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Art and emergency
Since the 2016 election I’ve kept asking myself how artists should respond in time of political crisis.  I sat down with singer-songwriter-satirist Roy Zimmerman last summer to kick it around—he sure had known what to do, but then he had been doing it all along.  Popping a demagogue’s balloon was nothing new for Roy.

I admire New York’s Public Theatre and others for having mounted productions of, say, Julius Caesar with thinly-veiled contemporary references, a brave act that cost them financial support.

But it took me until 2019 to find my own way, when I wrote my third children’s Christmas pageant for my hometown UU congregation, setting it in two venues: a Bethlehem stable and King Herod’s court. It’s been controversial. First a person of color took offense to some of the language (e.g., “boss-man”), intimating that even in a liberal and justice-seeking denomination there should be no room for politics. Then religious educators got hold of it. After I was forced to delete references to the Slaughter of the Innocents (Matthew 2:16 ff), which children raised on the Brothers Grimm and Fortnight somehow can’t handle, we still had to smooth over any notion that harm might come to Jesus.  Wait till Good Friday, I say.  Meanwhile, my Herod threatens to put the Wise Men in cages since they’re not from around here.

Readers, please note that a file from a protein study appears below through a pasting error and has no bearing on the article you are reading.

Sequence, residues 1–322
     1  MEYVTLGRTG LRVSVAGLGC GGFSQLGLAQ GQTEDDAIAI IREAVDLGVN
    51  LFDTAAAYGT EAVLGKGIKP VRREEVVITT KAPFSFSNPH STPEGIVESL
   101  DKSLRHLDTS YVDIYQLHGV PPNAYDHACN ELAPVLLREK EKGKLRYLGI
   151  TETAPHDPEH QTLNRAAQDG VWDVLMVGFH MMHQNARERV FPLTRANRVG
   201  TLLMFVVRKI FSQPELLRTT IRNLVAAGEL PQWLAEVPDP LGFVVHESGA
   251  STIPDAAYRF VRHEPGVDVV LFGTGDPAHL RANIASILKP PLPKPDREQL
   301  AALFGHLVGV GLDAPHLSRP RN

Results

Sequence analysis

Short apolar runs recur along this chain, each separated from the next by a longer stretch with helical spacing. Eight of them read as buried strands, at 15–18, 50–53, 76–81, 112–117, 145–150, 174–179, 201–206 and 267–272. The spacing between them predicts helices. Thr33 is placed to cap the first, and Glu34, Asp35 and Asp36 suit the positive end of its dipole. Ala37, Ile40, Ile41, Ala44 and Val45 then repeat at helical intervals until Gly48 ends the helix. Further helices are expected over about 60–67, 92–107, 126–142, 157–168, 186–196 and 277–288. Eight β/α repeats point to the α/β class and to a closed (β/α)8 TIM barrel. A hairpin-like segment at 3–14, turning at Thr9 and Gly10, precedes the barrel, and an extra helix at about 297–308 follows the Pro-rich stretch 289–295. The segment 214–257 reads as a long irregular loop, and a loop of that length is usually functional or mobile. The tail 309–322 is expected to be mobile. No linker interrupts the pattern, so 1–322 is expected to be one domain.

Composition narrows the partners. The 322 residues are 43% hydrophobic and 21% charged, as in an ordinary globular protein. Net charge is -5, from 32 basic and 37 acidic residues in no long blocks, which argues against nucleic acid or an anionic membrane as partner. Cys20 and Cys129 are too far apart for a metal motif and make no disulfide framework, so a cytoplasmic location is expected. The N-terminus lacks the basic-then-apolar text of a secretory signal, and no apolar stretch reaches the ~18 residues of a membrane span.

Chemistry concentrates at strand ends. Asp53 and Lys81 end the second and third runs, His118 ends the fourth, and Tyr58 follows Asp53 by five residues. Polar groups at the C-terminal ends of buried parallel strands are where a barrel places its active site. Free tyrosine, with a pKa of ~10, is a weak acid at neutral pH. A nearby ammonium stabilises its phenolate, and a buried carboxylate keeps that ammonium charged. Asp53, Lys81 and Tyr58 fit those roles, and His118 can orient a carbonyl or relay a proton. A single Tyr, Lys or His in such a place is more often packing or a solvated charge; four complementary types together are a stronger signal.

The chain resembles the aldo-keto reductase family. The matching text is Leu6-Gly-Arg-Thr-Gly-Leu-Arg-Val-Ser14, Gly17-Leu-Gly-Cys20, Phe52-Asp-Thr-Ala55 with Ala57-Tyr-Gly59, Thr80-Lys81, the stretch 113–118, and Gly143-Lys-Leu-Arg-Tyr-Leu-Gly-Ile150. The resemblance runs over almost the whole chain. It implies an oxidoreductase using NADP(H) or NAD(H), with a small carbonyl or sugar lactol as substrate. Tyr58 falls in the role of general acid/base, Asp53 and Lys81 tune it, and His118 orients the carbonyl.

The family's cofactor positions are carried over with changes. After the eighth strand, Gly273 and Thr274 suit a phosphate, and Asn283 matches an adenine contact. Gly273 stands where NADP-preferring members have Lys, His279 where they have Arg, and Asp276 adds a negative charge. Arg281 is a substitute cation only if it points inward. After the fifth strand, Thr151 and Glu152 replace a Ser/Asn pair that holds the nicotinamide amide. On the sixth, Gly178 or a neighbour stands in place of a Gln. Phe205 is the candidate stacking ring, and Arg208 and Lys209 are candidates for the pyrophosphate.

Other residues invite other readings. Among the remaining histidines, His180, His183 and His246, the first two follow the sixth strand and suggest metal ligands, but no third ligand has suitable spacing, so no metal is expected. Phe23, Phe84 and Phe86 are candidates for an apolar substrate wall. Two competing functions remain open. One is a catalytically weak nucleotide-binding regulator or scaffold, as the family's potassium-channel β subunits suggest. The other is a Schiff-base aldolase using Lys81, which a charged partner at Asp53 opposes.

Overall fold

So no, it’s not easy being real.

Why I’m here
I like to make people laugh and cry, so I play a fair amount of music and, however desultorily, write—plays, personal essays, stories, all sorts of stuff.  On the cusp of early old age, I still read my drafts aloud, bellowing and howling up in my atelier, rather to my family’s dismay.

Creating a character

Why you’re here
Come look over my shoulder if you like, fall off your chair. I value an audience, and I need help to make something beautiful, terrible, or epiphanic. Give me your clear-eyed attention, your honesty. That’s all I ask. Note the “Contact me” page.